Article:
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Loss of Smell

loss-smell.hrA loss of smell is not too unusual, especially when accompanied by a cold or allergies. Nasal congestion can block air from reaching the smell receptors, preventing you from picking up on scents. This condition is temporary, and smell is restored once symptoms go away. Occasionally, a loss of smell can be longer lasting or permanent. This disorder is called anosmia, and can interfere with your enjoyment of life – while putting you in dangerous situations.

What Causes a Loss of Smell?

A temporary loss of smell is usually caused by a blockage or infection in the nasal cavity. After the virus has run its course or the infection clears up, scent will usually return to normal. However, when the olfactory receptors no longer function properly, the loss of smell can be permanent. This can be caused by a variety of factors, including age, trauma to the head, exposure to chemicals, nasal polyps, deviated septum, hypothyroidism, certain degenerative disorders such as Alzheimer’s or Parkinson’s Disease and tumors.

Anosmia is sometimes just considered a nuisance, but it can have serious health consequences. We depend upon our sense of smell to alert us to hidden dangers like gas leaks, fires, and food that has spoiled. In addition, taste buds don’t function properly when we can’t smell. Many patients lose interest in eating, leading to malnutrition, severe weight loss, and depression.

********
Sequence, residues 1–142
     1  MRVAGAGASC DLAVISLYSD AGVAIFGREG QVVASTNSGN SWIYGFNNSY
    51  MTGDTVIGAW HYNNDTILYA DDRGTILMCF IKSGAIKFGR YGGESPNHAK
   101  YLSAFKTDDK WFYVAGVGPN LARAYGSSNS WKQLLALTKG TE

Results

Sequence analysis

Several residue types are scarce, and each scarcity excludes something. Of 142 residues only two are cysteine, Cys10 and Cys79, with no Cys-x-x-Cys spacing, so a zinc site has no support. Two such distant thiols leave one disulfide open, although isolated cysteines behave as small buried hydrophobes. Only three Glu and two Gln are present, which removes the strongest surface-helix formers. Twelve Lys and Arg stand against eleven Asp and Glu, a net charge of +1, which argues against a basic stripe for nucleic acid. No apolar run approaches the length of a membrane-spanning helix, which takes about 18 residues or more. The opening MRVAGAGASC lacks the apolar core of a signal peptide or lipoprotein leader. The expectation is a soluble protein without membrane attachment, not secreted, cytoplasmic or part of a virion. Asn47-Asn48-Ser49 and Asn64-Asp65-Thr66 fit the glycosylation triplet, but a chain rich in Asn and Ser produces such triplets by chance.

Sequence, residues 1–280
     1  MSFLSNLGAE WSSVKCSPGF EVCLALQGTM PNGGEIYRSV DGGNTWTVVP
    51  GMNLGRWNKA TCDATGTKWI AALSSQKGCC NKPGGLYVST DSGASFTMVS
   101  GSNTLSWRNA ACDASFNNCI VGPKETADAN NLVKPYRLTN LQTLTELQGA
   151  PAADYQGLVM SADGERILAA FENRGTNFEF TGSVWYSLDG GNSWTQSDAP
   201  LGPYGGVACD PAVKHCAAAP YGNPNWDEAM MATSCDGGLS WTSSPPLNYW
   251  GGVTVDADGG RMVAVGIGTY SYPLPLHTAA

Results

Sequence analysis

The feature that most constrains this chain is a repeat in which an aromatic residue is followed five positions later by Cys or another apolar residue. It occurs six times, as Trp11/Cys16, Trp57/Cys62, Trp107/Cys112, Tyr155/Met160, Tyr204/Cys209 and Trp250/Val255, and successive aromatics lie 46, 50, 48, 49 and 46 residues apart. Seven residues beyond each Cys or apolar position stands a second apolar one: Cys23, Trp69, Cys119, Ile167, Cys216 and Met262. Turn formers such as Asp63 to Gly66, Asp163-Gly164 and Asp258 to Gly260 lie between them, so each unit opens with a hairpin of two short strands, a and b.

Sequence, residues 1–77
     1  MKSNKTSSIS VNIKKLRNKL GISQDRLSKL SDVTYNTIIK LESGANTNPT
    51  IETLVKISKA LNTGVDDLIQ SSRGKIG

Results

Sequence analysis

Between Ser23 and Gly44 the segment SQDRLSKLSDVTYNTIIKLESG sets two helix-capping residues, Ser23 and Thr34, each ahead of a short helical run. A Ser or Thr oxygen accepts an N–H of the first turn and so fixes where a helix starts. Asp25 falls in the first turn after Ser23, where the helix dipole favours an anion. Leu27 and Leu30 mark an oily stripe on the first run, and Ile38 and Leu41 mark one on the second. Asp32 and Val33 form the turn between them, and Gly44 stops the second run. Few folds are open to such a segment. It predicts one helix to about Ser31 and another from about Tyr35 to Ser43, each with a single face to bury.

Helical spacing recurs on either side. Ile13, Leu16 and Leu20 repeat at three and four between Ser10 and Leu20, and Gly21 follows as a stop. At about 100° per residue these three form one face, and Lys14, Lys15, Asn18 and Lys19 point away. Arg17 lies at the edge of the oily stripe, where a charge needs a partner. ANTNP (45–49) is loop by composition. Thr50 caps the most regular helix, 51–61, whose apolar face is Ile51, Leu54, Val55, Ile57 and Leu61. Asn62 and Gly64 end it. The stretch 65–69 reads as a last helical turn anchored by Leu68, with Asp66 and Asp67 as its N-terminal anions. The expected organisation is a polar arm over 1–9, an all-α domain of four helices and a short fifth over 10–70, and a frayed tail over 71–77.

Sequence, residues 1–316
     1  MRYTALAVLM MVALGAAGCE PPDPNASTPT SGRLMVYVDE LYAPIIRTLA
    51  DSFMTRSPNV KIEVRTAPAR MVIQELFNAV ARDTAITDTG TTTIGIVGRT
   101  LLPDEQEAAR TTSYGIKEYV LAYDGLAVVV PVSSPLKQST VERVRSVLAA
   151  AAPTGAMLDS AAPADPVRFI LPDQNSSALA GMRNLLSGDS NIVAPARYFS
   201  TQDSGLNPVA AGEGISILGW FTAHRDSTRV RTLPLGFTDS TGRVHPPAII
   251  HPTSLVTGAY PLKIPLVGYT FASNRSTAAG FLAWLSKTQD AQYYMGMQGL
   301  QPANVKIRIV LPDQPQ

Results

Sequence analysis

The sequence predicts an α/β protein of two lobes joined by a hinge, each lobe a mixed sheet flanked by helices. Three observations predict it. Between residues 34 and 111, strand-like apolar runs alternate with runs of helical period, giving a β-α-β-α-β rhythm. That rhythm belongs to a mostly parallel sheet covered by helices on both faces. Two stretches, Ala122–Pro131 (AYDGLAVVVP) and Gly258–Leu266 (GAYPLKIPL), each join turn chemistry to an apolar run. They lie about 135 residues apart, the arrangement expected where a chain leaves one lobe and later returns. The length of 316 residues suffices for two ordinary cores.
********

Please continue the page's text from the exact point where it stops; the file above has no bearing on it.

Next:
Treating Anosmia

A temporary loss of smell is treatable, or will return on its own once the virus responsible has run its course. Topical nasal prescription medication can open up the nasal passages, enabling normal breathing and decrease inflammation which may be the cause. Antibiotics are used for bacterial infections, and surgery to remove nasal polyps or fix a deviated septum is highly successful.

Permanent loss of smell is often untreatable, though there is ongoing research into treatment options like gene therapy.

If you suffer from a loss or lack of sense of smell, please contact our office and schedule an appointment with one of our board-certified ENT Specialists.